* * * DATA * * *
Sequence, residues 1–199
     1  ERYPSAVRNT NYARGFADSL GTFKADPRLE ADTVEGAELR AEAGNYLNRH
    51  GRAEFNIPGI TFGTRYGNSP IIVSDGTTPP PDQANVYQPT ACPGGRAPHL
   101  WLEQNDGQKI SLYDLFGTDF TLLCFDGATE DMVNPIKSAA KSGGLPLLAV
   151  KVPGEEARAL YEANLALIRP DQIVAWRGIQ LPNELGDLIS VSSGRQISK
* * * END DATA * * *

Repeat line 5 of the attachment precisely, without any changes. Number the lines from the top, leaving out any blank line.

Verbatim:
   151  KVPGEEARAL YEANLALIRP DQIVAWRGIQ LPNELGDLIS VSSGRQISK